Wash. daily grows circulation with zoned editions


|New member profile: Peninsula Daily News, Port Angeles, Wash.

By Jeremy Weber | Associate Editor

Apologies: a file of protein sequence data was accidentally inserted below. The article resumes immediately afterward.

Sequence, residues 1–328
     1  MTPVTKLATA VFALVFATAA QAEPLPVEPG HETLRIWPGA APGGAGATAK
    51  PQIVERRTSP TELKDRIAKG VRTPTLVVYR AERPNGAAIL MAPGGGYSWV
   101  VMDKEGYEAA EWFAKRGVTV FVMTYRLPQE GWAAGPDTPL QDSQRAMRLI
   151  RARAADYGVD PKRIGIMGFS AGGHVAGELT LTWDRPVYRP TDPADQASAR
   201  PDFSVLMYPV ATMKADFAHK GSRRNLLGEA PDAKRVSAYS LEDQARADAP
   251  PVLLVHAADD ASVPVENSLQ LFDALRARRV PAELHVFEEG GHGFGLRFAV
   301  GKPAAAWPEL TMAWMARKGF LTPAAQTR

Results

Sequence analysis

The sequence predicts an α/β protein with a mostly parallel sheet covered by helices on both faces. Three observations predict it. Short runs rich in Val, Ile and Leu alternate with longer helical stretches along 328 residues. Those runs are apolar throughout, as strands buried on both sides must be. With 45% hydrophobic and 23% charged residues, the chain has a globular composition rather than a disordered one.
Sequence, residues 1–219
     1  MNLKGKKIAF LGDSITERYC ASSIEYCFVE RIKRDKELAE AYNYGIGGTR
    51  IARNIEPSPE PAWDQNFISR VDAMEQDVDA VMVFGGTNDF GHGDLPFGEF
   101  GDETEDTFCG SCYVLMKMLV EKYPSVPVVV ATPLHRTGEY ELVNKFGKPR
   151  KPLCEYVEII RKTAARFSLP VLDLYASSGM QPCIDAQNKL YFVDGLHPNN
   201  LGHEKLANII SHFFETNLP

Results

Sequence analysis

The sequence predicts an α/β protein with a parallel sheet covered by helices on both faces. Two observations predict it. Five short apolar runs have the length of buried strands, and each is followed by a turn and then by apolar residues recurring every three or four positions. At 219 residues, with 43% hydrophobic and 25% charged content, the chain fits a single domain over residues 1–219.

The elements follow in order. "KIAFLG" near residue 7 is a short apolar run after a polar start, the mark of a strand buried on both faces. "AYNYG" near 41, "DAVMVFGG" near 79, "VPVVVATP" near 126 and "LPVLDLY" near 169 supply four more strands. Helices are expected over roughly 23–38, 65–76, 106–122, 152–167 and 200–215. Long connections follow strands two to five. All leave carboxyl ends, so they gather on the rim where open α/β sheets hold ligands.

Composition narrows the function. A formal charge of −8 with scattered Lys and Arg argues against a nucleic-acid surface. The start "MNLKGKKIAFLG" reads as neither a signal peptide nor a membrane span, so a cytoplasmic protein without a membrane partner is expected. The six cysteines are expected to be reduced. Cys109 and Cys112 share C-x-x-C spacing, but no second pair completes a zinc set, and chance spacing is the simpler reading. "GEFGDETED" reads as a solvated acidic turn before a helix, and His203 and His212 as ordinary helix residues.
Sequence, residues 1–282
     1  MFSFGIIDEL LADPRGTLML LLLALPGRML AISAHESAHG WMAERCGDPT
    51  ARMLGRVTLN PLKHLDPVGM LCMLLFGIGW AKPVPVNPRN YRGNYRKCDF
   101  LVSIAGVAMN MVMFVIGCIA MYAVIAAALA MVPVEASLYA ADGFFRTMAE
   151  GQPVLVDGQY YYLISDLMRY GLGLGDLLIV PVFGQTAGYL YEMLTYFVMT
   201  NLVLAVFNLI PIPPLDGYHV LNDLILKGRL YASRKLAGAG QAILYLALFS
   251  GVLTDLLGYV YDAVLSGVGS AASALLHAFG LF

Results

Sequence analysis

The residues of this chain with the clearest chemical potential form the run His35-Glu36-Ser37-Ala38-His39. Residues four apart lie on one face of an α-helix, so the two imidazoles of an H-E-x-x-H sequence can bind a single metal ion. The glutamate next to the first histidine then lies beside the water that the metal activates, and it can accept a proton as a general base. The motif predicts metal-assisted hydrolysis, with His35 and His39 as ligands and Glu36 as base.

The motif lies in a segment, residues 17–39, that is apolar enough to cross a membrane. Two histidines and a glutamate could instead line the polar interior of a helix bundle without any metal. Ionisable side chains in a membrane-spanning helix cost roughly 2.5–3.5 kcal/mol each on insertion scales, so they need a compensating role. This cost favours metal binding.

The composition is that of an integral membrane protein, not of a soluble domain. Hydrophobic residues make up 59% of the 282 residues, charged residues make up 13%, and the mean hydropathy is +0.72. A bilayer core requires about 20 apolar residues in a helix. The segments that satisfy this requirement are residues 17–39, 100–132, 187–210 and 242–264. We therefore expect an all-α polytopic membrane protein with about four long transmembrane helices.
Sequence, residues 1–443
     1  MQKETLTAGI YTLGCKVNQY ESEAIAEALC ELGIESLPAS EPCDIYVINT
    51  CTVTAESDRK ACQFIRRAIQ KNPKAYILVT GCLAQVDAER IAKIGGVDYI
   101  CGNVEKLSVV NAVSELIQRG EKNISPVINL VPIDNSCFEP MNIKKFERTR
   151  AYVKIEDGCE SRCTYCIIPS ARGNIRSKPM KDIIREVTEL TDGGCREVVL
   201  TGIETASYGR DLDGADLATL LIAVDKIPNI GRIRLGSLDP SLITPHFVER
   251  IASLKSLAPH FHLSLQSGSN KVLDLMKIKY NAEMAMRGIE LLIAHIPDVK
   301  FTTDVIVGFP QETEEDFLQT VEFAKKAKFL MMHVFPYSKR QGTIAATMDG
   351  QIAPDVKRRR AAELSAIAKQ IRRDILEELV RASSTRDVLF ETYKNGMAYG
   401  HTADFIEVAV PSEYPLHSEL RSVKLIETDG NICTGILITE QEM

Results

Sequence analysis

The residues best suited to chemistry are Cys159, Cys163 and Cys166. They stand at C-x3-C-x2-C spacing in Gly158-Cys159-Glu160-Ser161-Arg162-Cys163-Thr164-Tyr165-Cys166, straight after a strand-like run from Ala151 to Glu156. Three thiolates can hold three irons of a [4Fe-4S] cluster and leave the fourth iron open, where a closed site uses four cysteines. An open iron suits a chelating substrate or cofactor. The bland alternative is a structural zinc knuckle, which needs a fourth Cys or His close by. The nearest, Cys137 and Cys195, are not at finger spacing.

Providing local news to communities scattered along a 160-mile-long strip of the Olympic Peninsula is quite a challenge. Yet the Peninsula Daily News has rapidly grown its circulation for almost a decade with two strategies: zoned editions and "chicken dinner news."The Daily News publishes two heavily-zoned editions, one for each county in a market stretched along the northern coast of the Olympic Peninsula in Washington state. The front page, inside stories and letters-to-the-editor are all zoned by county. Even the masthead changes: Clallam County's features a mountain backdrop, while Jefferson County has a more nautical theme.Launched in 1998, the zoning strategy has proved to be a true success story for the paper."We were feeding our Clallam readers Jefferson County government news and other news they couldn't care less about, and vice versa," said John Brewer, publisher of the 16,700-circulation daily owned by Horvitz Newspapers. "Our market area had just gotten too big. We were trying to please everybody and by doing that we were pleasing nobody."We've become truly a local newspaper for both counties," said Brewer. "The zoned editions have made us a better paper and allowed us to do a better job of focusing on each community."The Daily News is based in Port Angeles, the Olympic Peninsula's gateway to Olympic National Park and Vancouver Island. The peninsula is not a growing market, but the Daily News was the fastest growing paper per capita in the Northwest for seven years until gas prices slowed its growth last year.The zoned editions allowed the paper to grow into Jefferson County and the nearby town of Sequim and better compete for advertising with three strong weeklies that compete in its market area. In September, the Daily News took further aim at its weekly competitor in Sequim by launching a TMC product. Sequim This Week is a free weekly tab distributed by mail to 10,500 area households.The Daily News serves an older demographic that includes many retirees from nearby Seattle. The paper provides newcomers with close coverage of local government as well as extensive events listings of things to do.Brewer once took a road trip through Washington state, buying the local newspaper at each town. "I was just astounded," he said. "The papers gave us no hint of what there was to do in those towns." His paper has long emphasized a local calendar as an important readership driver.The other component of the paper's growth has been its continued embrace of local community news submitted by readers."We publish tons of reader-driven 'chicken dinner news'-type notices sorted by city," said Brewer. "People getting checks, kids getting awards - we do a lot with those pictures."Many newspapers quit running photos like this years ago, but for us, it's our bread and butter and one of the reasons we've done so well circulation-wise."The paper experiences so much reader participation that it runs extra pages on Wednesdays and Sundays just to fit in all the community submissions it receives."Thank God everybody seems to have a digital camera," said Brewer. "We don't have to go out and shoot those events. Readers shoot those events themselves."This strategy of tailoring "chicken dinner news" to specific communities creates a close relationship with readers. "Our goal is to be seen as accessible and visible in our 160-mile-long circulation area," said Brewer. "We want to help build a sense of community and promote the role of the newspaper in our community."The Daily News, founded in 1916, was instrumental in the creation of Olympic National Park. Among its readers are the Makah, the only remaining Native American tribe that hunts whales.Brewer said the Daily News enjoys excellent readership among the tribe. "We do all their 'chicken dinner' stuff as well," he said.The Daily News supports local communities through the Peninsula Home Fund. In 2006 it raised almost $200,000 from readers to help improve living conditions for 2,000 individuals and families.Contact: John Brewer,